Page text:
MCS-284 Chapter 4 Homework

When turning in a homework problem, mark it with the exercise number shown in bold here. These will be the reference numbers I use in reporting back your standing on the homework.

• 4.1.1-3 on page 409 using both the a and the b instructions. Use Figure 4.17 (p. 322) instead of Figure 4.2. In parts 2 and 3, focus your attention on the eight kinds of blocks listed in Exercise 4.7 on page 415. Distinguish the two Add blocks as "left adder" and "right adder." Distinguish the Mux blocks by naming the related control signal ("RegDst Mux," "ALUSrc Mux," "Branch Mux," and"MemtoReg Mux").

• 4.7.1-3 on page 415 using the a latencies only. Use Figure 4.17 (p. 322) for reference. The latencies listed for Regs and D-Mem apply to either reading from or writing to the resource. All latencies are measured from when relevant inputs become stable. For reading from the Regs, that means from when the read register numbers are stable, even if the write register number and data change later. Likewise, the latency for a Mux is measured from when the control input and selected data input become stable, even if the deselected data input changes later.

• 4.x1: Suppose the designers of the next-generation MIPS architecture are considering adding two instructions to the instruction set, `sws` and `lws`. The names of these two instructions stand for Store Word Stepping and Load Word Stepping. They behave just like the normal `sw` and `lw` instructions, except that each of them also writes a new value into the base address register, found by adding the offset. For example, the following two instructions:

```        sw \$t0, 16(\$t1)
addiu \$t1, \$t1, 16
```

could be replaced with one:

```        sws \$t0, 16(\$t1)
```

The machine-language format of the two new instructions uses the Rs, Rt, and Imm fields in the same way as for `sw` and `lw`.

1. Modifying the textbook's processor designs to accommodate one of these instructions would require a change in the register file. (The other instruction could be accommodated using the existing register file.) Which instruction requires the register file change? What would the change be?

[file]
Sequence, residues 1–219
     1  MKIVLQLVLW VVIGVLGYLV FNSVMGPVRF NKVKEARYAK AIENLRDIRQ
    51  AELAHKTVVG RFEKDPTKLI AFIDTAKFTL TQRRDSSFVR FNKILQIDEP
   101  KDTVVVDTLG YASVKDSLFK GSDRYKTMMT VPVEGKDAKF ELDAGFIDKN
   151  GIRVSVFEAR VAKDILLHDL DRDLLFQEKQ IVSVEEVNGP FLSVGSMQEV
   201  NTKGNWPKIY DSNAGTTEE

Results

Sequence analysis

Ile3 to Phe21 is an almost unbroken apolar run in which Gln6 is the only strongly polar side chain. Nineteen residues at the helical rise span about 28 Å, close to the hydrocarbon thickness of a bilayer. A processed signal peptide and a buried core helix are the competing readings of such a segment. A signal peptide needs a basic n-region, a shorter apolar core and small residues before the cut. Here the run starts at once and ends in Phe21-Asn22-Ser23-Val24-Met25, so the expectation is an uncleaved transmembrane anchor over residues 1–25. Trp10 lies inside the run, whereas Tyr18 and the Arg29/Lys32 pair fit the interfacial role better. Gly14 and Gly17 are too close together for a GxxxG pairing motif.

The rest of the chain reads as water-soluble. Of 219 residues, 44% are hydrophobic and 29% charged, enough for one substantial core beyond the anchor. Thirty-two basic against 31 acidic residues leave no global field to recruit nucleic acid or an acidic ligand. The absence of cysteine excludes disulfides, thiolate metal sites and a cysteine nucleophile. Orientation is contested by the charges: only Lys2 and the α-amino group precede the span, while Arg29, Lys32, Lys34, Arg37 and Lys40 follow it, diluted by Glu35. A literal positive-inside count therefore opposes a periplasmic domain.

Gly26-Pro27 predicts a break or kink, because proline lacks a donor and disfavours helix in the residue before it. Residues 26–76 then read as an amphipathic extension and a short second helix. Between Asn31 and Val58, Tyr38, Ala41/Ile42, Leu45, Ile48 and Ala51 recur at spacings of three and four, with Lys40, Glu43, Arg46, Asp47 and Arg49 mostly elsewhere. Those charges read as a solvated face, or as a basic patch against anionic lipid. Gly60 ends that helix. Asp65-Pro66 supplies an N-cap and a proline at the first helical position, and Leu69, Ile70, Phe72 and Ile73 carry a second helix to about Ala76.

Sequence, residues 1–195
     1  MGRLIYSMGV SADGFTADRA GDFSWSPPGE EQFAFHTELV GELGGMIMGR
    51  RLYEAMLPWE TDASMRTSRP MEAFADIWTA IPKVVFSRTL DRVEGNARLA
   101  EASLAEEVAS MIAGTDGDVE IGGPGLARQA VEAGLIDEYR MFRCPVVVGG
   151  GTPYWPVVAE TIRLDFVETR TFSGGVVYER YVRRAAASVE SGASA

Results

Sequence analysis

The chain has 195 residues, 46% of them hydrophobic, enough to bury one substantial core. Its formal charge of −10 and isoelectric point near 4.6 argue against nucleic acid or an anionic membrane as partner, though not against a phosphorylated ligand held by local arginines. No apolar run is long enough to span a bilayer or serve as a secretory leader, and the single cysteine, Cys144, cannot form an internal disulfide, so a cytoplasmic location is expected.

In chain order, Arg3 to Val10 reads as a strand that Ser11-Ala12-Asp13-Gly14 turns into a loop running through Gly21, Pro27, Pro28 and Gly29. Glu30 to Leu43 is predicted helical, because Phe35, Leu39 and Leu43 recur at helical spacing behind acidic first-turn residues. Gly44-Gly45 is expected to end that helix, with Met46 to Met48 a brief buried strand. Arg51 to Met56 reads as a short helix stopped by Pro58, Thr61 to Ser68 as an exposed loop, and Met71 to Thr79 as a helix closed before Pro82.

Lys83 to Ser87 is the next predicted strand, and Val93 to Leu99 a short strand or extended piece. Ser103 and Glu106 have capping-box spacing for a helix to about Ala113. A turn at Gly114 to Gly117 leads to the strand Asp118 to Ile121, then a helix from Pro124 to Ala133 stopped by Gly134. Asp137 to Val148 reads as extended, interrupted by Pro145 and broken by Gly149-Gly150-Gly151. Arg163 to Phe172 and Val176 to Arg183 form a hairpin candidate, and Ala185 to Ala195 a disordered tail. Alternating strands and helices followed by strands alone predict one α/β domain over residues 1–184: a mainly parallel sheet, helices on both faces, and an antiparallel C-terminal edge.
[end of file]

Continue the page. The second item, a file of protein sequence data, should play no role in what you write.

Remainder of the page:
2. Make copies of the single-cycle datapath and control table, Figures 4.17 and 4.18 (pp. 322-323). Make any modifications necessary to add the two new instructions. If you add any new control signals to the datapath, add columns for them to the table and show the values in those new columns in all rows, old as well as new. If any of the control signals can be don't cares, show them as X, rather than arbitrarily filling in a 0 or 1.

• 4.x2: Suppose we execute the following sequence of instructions. During the first clock cycle, the first instruction is fetched from address 2000 in instruction memory:

```        lw \$5, 8(\$4)
sub \$4, \$7, \$3
sw \$9, 4(\$8)
add \$8, \$2, \$1
beq \$5, \$6, 1000
```

Suppose further that the following registers and data memory locations contain the specified values when execution starts:

Registers
NumberValue
110
220
330
440
550
660
770
880
990

Data Memory Locations
2417
2842
4413
4879
8422
8828

Make a copy of Figure 4.51 (p. 362) and write onto as many of the lines as you can the value that will be there during the fifth clock cycle.

• 4.x3: For each of the following eight sequences of instructions, indicate whether the textbook's pipelined processor would encounter any data hazard. If so, indicate whether all hazards in that sequence can be completely resolved using forwarding or whether stalling is also needed. As usual, we are assuming that registers are written in the first half of the clock cycle and read during the second half; this doesn't count as a data hazard.

1. ```lw \$1, 0(\$2)
add \$3, \$1, \$4
add \$4, \$5, \$6
add \$5, \$6, \$7
```
2. ```add \$1, \$2, \$3
add \$2, \$3, \$4
add \$3, \$4, \$5
add \$5, \$4, \$3
```
3. ```lw \$1, 0(\$2)
add \$3, \$4, \$5
add \$4, \$5, \$6
add \$7, \$1, \$2
```
4. ```add \$1, \$2, \$3
add \$2, \$3, \$4
sw \$1, 4(\$3)
add \$3, \$4, \$5
```
5. ```add \$1, \$2, \$3
lw \$4, 0(\$5)
add \$5, \$6, \$7
add \$6, \$4, \$4
```
6. ```lw \$1, 0(\$2)
add \$3, \$2, \$1
add \$4, \$5, \$6
add \$5, \$1, \$6
```
7. ```add \$1, \$2, \$3
add \$2, \$3, \$4
sw \$3, 4(\$1)
add \$3, \$4, \$5
```
8. ```add \$1, \$2, \$3
add \$2, \$3, \$4
add \$3, \$4, \$5
add \$5, \$1, \$2
```

Instructor: Max Hailperin